Among the many artefacts on display at the Nobel Museum in Sweden is Amartya Sen's bicycle - a vehicle that helped him win the prestigious Nobel Prize in 1998. On World Bicycle Day yesterday, the Nobel Prize team took to its official Instagram account to share the story of the bicycle and how it played a role in the economist's research. "Bicycles are not a common tool in economic science, but Amartya Sen's bicycle played a role in his research," they wrote.
A large part of Amartya Sen's work deals with the conditions of the "most impoverished members of society" and how they can be improved. While researching the differences between baby girls and boys for a study, Mr Sen employed an assistant to bicycle around the countryside of West Bengal and weigh the children. However, obstacles arose when the children, not wanting to be weighed, started biting the assistant he employed.
"He asked his students if they would collect the data for him but the students refused. They didn't want to leave the campus," said Tobias Degsell, curator at the Nobel Museum, according to the Economic Times. "So he biked around the Indian countryside and weighed the children himself. He collected the data, which he later used to help develop the Human Development Index, along with others."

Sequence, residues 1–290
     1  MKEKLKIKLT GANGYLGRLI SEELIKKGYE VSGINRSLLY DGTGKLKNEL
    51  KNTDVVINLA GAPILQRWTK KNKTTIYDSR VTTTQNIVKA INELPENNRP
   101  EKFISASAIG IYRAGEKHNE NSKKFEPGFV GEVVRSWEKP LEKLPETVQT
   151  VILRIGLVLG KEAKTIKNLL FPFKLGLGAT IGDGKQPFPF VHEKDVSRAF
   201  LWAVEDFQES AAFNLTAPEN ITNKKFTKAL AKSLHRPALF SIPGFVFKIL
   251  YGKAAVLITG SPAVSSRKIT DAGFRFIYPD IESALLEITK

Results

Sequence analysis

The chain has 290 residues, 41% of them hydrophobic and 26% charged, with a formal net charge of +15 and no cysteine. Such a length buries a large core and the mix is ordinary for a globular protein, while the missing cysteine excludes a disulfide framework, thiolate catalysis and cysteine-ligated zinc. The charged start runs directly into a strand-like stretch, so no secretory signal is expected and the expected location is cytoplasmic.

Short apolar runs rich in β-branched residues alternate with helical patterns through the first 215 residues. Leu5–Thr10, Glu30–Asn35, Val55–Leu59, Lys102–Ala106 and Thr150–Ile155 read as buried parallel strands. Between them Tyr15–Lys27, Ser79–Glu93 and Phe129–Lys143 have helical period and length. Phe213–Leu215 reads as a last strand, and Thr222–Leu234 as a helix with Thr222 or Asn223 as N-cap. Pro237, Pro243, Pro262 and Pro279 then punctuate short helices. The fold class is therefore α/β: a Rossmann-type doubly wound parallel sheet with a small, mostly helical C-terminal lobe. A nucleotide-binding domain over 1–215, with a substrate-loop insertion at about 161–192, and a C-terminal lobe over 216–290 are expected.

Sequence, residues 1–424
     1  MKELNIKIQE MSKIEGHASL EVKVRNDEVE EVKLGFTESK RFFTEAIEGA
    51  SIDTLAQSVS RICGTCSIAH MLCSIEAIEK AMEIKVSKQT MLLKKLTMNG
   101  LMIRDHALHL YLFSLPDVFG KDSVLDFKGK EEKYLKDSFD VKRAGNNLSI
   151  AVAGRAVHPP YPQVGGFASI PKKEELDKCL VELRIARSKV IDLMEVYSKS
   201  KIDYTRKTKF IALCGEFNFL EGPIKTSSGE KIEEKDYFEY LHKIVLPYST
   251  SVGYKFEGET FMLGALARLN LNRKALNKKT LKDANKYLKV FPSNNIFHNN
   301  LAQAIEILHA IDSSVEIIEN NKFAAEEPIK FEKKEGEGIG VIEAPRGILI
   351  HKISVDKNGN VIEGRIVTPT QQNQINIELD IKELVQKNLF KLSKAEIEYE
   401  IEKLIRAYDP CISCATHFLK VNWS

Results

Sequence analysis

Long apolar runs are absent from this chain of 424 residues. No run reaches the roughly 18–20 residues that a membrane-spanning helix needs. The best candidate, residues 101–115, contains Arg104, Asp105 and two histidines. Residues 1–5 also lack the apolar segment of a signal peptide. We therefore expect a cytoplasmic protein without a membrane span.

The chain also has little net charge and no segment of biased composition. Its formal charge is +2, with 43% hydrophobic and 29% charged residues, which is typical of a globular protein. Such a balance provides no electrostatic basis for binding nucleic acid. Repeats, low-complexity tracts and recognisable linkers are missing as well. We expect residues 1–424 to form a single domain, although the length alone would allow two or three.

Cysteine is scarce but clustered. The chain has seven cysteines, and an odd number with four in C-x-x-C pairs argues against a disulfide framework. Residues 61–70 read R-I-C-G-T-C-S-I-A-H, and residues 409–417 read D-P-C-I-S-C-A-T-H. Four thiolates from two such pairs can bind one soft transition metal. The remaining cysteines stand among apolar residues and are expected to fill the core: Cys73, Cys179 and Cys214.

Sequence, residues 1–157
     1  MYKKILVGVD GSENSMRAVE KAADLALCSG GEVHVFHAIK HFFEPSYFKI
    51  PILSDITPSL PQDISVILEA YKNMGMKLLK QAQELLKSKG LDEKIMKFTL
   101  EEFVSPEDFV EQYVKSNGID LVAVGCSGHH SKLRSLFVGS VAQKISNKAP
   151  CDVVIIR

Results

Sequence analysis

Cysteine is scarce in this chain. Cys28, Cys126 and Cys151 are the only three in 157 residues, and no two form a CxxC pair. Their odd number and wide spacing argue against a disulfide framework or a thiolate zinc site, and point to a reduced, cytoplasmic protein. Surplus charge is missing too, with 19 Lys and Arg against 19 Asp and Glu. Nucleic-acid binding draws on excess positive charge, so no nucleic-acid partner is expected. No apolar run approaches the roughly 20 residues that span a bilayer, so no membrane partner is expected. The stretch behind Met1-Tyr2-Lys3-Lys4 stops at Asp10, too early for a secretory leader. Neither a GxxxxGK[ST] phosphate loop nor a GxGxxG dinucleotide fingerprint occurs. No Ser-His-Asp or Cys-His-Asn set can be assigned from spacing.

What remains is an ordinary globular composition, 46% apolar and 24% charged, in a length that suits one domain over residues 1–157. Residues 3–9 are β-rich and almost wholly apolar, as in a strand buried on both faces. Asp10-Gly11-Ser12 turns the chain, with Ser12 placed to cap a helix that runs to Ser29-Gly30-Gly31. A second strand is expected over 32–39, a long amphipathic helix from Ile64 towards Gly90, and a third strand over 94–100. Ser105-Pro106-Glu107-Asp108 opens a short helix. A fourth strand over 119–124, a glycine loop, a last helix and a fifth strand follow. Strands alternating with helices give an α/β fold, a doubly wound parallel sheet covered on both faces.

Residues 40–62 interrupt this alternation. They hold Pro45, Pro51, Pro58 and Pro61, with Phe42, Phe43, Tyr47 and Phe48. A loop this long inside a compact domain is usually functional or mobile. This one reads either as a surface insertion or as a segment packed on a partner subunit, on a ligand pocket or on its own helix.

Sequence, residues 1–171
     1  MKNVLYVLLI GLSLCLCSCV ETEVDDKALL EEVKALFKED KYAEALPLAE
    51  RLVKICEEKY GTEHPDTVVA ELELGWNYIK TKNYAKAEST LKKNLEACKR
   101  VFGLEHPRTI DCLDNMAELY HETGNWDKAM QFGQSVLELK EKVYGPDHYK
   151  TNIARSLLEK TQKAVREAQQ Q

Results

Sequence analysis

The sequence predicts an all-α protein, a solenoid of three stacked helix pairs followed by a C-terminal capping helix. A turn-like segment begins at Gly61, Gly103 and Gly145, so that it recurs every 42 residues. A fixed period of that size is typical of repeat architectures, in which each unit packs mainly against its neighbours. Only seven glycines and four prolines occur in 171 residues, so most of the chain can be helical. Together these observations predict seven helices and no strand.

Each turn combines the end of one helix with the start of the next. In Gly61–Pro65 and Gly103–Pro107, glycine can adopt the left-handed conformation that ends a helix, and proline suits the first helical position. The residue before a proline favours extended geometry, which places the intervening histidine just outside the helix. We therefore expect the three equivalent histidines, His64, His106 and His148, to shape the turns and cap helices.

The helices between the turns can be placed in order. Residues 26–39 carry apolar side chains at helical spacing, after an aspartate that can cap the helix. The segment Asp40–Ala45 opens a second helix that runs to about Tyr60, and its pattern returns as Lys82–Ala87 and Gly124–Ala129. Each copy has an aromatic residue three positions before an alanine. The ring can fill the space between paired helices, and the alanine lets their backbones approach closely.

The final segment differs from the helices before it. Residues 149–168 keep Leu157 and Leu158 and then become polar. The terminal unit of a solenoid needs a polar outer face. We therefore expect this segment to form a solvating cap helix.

For his studies of social choice, welfare measurement and poverty research, Amartya Sen won the Nobel Prize in 1998.
Bicycles are not a common tool in economic science, but Amartya Sen's bicycle played a role in his research. A large part of his work is concerned with the conditions of the most impoverished members of society and how these can be improved. In a study on differences between baby girls and boys, he employed an assistant to weigh the children. Problems arose when the children did not want to weighed and bit the assistant. The episode ended with Sen bicycling through the countryside of West Bengal, weighing the children himself. Amartya Sen was awarded the Prize in Economic Sciences in 1998 for his studies of social choice, welfare measurement and poverty research. . . . #WorldBicycleDay #bicycle #economics #economicsciences #research #NobelPrize #NobelLaureate
The Nobel Prize Instagram post about Amartya Sen's bicycle, shared along with a picture of the economist cycling, has collected over 7,000 'likes' and a ton of comments since being shared on Wednesday.
"What a cool story and wonderful human being!" wrote one person in the comments section.
"This is wonderful," said another.Click for more trending news